2 But I made up my mind not to grieve you with another painful visit.2 For if I cause you grief [by a well-deserved rebuke], who then provides me enjoyment but the very one whom I have made sad?3 And I [a]wrote this same thing to you, so that when I came, I would not be filled with sorrow by those who ought to make me glad, for I trusted in you and felt confident that my joy would be shared by all of you.4 For I wrote to you out of great distress and with an anguished heart, and with many tears, not to cause you sorrow but to make you realize the [overflowing] love which I have especially for you.
5 But if [b]someone has caused [all this] sorrow, he has caused it not to me, but in some degree—not to put it too severely—[he has distressed and grieved] all of you.6 For such a one this punishment by the majority is sufficient,7 so instead [of further rebuke, now] you should rather [graciously] forgive and comfort and encourage him, to keep him from being overwhelmed by excessive sorrow.8 Therefore I urge you to reinstate him in your affections and reaffirm your [c]love for him.9 For this was my purpose in writing, to see if you would stand the test, whether you are obedient and committed to following my instruction in all things.10 If you forgive anyone anything, I too forgive [that one]; and what I have forgiven, if I have forgiven anything, has been for your sake in the presence of [and with the approval of] Christ,11 to keep Satan from taking advantage of us; for we are not ignorant of his schemes.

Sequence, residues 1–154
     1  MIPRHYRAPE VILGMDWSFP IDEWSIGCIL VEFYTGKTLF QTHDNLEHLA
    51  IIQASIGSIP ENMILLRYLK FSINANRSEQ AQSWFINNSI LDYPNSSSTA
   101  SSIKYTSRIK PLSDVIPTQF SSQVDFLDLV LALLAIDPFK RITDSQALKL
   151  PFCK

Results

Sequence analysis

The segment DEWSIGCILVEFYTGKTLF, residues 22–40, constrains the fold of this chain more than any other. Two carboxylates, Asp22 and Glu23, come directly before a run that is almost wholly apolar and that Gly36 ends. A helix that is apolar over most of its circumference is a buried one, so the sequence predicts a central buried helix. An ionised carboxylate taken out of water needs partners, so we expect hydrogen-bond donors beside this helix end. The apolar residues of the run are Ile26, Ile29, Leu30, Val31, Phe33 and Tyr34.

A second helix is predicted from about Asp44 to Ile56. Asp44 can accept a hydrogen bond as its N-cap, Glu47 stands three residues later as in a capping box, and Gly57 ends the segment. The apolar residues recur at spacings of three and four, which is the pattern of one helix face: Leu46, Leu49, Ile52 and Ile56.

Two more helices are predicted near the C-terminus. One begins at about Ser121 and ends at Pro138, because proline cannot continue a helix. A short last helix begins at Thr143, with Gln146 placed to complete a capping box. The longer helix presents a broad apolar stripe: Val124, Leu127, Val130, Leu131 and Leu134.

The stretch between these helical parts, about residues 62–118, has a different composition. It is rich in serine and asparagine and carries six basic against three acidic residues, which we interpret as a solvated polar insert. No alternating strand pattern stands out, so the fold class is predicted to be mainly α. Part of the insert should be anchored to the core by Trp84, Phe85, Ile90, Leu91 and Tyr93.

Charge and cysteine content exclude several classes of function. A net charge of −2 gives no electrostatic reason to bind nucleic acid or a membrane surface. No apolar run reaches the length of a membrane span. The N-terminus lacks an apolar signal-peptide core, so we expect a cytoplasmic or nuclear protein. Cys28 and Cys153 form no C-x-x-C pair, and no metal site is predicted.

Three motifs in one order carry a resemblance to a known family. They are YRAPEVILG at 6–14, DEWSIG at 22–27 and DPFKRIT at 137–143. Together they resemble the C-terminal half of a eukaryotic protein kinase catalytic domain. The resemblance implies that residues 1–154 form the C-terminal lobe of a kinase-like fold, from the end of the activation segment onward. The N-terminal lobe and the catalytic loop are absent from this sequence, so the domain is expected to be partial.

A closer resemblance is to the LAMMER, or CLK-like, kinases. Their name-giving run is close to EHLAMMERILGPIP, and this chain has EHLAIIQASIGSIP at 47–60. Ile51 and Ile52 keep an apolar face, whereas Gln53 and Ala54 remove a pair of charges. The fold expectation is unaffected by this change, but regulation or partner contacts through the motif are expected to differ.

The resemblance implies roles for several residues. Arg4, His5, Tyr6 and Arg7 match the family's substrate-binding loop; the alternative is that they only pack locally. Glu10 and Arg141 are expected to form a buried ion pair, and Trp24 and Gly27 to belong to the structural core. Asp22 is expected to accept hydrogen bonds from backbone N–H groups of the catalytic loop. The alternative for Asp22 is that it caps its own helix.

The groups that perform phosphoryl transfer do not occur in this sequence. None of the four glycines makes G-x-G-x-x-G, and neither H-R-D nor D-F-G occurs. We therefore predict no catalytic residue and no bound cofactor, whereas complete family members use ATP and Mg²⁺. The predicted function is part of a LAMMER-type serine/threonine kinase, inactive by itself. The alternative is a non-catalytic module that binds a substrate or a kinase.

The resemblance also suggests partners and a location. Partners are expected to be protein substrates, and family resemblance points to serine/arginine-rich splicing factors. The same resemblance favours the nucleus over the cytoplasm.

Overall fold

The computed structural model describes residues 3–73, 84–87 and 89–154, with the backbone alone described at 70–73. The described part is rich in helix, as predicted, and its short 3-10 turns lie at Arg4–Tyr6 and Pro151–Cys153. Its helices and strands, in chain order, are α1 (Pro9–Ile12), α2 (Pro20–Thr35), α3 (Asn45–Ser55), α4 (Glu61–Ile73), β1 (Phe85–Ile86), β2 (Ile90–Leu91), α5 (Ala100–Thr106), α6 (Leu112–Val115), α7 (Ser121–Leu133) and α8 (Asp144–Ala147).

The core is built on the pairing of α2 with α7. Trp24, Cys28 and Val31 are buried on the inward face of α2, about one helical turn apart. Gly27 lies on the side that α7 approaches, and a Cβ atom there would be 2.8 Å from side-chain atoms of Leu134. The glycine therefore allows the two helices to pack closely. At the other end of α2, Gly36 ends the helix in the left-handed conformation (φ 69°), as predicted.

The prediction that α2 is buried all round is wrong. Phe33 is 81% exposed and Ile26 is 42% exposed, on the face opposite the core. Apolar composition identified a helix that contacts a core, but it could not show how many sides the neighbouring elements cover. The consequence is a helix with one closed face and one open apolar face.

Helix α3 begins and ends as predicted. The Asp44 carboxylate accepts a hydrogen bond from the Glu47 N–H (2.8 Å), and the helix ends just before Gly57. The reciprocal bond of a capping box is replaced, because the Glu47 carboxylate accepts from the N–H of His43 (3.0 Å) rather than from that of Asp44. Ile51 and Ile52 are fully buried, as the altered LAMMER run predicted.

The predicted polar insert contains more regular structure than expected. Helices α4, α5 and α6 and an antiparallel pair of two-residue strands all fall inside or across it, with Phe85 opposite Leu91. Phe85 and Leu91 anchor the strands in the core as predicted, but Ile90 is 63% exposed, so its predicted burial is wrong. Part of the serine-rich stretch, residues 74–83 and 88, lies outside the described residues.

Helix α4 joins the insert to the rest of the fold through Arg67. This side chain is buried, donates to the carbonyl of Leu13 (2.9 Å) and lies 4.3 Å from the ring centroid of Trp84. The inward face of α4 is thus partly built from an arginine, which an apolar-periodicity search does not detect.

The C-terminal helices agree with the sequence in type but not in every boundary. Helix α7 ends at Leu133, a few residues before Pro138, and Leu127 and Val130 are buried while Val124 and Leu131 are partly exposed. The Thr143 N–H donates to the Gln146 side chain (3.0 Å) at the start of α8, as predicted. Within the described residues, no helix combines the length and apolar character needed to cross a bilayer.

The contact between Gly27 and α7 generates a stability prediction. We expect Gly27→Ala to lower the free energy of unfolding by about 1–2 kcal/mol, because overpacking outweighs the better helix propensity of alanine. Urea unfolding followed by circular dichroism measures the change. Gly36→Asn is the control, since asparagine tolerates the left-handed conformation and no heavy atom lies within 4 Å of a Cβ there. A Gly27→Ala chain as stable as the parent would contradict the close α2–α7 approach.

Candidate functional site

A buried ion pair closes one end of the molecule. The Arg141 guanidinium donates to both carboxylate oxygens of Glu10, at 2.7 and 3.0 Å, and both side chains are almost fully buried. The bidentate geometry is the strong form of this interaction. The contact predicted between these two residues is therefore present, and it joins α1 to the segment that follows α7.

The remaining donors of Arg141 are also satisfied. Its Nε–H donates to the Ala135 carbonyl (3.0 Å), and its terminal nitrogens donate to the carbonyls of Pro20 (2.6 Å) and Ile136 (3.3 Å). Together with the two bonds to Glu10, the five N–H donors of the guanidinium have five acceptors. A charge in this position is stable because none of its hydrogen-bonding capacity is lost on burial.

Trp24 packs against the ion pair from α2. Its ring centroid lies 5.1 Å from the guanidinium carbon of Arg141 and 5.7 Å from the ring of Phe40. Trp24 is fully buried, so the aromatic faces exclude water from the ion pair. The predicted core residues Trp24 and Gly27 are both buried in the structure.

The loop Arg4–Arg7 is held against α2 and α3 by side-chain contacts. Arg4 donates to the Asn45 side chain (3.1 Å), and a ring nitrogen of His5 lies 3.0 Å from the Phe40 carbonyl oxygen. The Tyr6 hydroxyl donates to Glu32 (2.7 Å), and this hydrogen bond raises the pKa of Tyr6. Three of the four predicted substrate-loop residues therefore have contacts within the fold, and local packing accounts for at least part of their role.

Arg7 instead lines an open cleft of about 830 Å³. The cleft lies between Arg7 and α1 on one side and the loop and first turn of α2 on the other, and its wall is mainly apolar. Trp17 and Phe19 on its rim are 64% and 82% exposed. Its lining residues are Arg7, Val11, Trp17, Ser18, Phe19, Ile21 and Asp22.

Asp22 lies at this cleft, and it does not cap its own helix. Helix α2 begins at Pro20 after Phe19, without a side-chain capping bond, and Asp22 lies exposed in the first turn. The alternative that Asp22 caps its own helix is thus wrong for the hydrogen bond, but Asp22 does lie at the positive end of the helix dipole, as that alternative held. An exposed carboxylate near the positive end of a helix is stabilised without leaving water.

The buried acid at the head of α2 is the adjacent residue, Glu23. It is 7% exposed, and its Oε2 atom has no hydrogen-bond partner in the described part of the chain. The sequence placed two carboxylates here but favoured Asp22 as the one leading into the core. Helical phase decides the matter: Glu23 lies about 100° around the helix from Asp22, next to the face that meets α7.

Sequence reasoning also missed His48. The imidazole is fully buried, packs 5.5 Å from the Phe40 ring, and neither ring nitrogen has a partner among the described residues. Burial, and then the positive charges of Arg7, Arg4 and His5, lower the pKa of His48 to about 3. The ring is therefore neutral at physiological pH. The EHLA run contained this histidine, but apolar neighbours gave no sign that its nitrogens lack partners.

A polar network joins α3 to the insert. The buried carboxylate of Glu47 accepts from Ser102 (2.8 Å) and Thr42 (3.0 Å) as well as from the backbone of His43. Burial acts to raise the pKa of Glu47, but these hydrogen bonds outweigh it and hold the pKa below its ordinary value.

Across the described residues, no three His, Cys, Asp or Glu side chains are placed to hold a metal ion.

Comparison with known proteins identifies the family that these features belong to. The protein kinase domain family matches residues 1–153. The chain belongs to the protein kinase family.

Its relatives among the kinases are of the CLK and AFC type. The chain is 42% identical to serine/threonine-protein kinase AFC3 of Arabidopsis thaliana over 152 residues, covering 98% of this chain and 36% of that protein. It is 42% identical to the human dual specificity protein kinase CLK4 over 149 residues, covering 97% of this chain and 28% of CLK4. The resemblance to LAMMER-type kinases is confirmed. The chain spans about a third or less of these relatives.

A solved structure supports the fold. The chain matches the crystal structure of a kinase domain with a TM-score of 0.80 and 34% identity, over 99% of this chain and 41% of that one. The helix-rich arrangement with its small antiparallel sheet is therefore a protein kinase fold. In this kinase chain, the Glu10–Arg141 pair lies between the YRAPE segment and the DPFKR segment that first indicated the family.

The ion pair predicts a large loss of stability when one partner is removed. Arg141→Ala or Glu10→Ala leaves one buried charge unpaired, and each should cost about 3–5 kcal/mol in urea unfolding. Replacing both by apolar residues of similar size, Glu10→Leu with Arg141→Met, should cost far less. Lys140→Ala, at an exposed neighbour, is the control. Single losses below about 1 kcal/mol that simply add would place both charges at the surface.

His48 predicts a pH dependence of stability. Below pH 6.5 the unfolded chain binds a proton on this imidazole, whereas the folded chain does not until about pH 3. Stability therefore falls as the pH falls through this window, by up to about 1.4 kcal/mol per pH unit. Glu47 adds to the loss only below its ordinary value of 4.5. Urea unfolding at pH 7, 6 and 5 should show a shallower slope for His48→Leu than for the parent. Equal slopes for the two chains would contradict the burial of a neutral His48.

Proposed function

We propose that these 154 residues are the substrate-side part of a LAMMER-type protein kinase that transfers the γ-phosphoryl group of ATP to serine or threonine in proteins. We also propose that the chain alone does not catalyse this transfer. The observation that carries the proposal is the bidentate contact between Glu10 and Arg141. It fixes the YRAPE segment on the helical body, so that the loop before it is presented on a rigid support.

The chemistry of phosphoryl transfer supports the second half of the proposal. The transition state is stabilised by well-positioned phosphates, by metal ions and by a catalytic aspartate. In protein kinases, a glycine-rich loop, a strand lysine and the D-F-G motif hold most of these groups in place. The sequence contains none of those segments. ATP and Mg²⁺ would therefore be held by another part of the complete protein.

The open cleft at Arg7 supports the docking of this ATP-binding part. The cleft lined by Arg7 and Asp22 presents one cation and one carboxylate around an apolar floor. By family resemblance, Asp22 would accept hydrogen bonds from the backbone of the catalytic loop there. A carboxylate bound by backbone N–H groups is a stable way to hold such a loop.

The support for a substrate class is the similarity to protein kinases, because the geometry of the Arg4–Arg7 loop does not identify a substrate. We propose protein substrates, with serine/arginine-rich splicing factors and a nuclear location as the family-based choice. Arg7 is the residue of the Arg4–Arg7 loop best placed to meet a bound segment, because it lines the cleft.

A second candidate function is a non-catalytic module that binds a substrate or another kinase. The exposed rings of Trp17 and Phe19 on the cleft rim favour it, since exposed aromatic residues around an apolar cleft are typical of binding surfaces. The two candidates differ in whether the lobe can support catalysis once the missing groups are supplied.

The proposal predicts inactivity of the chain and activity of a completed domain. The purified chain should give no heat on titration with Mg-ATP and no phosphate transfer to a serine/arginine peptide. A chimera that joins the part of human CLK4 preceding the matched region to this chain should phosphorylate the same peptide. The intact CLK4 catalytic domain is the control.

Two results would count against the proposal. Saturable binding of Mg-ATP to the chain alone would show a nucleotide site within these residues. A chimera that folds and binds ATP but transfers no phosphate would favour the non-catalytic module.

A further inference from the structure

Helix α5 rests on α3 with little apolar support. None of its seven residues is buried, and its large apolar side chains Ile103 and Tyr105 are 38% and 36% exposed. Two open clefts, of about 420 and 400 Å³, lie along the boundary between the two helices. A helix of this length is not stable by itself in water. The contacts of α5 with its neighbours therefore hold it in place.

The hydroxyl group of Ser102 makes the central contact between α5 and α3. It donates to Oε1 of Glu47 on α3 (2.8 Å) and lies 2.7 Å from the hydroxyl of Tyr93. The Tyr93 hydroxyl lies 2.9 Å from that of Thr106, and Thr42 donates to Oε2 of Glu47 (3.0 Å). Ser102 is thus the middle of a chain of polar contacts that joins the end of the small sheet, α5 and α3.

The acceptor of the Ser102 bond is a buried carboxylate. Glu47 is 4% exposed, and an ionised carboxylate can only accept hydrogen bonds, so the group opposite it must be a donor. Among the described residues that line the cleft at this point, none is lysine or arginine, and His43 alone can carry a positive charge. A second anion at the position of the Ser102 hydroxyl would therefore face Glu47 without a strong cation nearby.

12 Now when I arrived at Troas to preach the good news of Christ, even though a door [of opportunity] opened for me in the Lord,13 my spirit could not rest because I did not find my brother Titus there; so saying goodbye to them, I left for Macedonia.
14 But thanks be to God, who always leads us in triumph in Christ, and through us spreads and makes evident everywhere the sweet fragrance of the knowledge of Him.15 For we are the sweet fragrance of Christ [which ascends] to God, [discernible both] among those who are being saved and among those who are perishing;16 to the latter one an aroma from death to death [a fatal, offensive odor], but to the other an aroma from life to life [a vital fragrance, living and fresh]. And who is adequate and sufficiently qualified for these things?17 For we are not like many, [acting like merchants] peddling God’s word [shortchanging and adulterating God’s message]; but from pure [uncompromised] motives, as [commissioned and sent] from God, we speak [His message] in Christ in the sight of God.
2 Corinthians 2:3Many scholars believe the contents of the communication to which Paul refers in this verse are implied within vv 5-11, and again in 7:5-12.
2 Corinthians 2:5The incident and offender to which Paul is referring is unclear, but it may have involved some affront or challenge to Paul’s position or authority during his visit to Corinth.
2 Corinthians 2:8The key to understanding this and other statements about love is to know that this love (the Greek word agape) is not so much a matter of emotion as it is of doing things for the benefit of another person, that is, having an unselfish concern for another and a willingness to seek the best for other believers.
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